The second BEPS panel focused on the work related to Countering Base Erosion. Key points made during the panel discussion included the following:

  • In the work cluster on measures to counter base erosion, discussion in the OECD has focused on hybrids, treaty abuse, interest deductibility, preferential tax regimes, mandatory disclosure to tax authorities, and anti-avoidance measures. There also was some discussion with respect to promoter’s penalties and the accounting treatment of tax planning, but those two areas are not being pursued further at this time.
  • Addressing hybrid instruments and entities is a top priority, with recommendations to be developed relatively quickly.
  • Dealing with inappropriate use of treaties is another top priority, with a focus on developing a treaty-based solution because any domestic law approach would be a treaty override.
  • Developing an approach for the treatment of leverage will require further work. Consideration will be given both to potential treaty rules and to potential domestic law approaches.
  • The OECD should take a holistic approach to addressing preferential tax regimes in countries, which should include engagement with countries that are not OECD members.
  • Further consideration will be given to possible mandatory disclosure approaches, such as the UTP rules in the US.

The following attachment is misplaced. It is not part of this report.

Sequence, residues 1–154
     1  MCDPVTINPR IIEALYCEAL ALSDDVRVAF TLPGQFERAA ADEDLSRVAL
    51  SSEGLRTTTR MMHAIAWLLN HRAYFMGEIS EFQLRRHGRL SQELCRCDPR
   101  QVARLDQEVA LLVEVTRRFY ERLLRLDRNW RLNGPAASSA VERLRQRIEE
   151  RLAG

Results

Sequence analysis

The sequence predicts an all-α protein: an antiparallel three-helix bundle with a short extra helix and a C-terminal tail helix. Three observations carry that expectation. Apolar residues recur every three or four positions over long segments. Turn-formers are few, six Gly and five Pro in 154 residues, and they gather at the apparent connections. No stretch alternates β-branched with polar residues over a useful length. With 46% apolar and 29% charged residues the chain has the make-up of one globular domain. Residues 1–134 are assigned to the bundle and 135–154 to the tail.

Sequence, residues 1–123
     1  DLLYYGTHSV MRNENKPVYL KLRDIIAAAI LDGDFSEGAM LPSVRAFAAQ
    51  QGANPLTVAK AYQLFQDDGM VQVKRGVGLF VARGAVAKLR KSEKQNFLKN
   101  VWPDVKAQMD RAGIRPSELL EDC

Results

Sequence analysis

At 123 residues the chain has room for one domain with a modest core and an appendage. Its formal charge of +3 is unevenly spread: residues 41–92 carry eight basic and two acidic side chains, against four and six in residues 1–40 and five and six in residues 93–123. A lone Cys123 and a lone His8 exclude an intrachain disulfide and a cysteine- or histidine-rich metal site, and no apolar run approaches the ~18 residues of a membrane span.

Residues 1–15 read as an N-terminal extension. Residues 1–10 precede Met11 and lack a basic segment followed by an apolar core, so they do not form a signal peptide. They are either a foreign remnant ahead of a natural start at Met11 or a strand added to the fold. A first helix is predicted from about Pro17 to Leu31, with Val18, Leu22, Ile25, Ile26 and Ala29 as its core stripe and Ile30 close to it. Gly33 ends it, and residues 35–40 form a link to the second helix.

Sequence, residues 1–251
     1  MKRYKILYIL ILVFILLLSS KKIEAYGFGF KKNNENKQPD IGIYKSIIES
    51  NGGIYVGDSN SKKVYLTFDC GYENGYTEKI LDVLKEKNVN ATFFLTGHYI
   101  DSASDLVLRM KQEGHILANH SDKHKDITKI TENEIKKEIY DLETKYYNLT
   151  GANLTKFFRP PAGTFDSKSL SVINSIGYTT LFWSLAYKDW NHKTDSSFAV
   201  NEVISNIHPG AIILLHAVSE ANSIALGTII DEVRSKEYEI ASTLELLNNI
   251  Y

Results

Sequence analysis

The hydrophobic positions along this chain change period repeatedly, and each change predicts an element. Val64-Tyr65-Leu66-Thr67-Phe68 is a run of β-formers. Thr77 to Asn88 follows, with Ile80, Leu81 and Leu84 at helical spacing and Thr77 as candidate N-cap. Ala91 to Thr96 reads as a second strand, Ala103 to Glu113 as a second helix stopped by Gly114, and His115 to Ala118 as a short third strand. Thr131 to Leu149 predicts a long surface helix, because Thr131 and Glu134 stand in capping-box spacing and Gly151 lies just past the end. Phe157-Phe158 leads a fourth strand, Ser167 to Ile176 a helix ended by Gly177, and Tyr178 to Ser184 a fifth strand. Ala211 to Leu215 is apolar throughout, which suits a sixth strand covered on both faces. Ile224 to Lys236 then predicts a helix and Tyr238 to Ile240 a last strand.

• The use of GAARs was discussed but given the concerns about the difficulty in administering such rules, further work in this area is a relatively low priority.
  • In all these areas, the focus of the OECD work is on coordination and cooperation.

The transfer pricing element of the BEPS project was briefly discussed during panels on the ongoing OECD work on transfer pricing for intangibles. It was noted that plans for transfer pricing work in the BEPS project are still under development. It was further noted that there will be a substantial

transfer pricing component in the action plan to be released in July. In this regard, the BEPS work plan going forward is expected to include a commitment to finalize the work on transfer pricing and intangibles “with all deliberate speed.”

Implications

The discussion at the OECD conference reconfirmed the significance of the proposals and approaches that are being developed as part of the BEPS project. It also highlighted both the complexity of the matters under consideration and the wide disparity in views among the member countries on these complex issues. It will be important for companies to carefully review the action plan when it is released by the OECD next month and to evaluate the implications for their business models of the areas that are being targeted for potential change. At the same time companies should consider becoming part of the global tax dialogue on the international tax issues that are of greatest significance to them by engaging with the OECD and with tax policymakers in the countries where they operate.

For additional information with respect to this Alert, please contact the following:

Ernst & Young LLP, International Tax Services, Washington, DC
  • Barbara Angus
    +1 202 327 5824
    barbara.angus@ey.com
  • Chris Faiferlick
    +1 202 327 8071
    chris.faiferlick@ey.com

EYG no. CM3500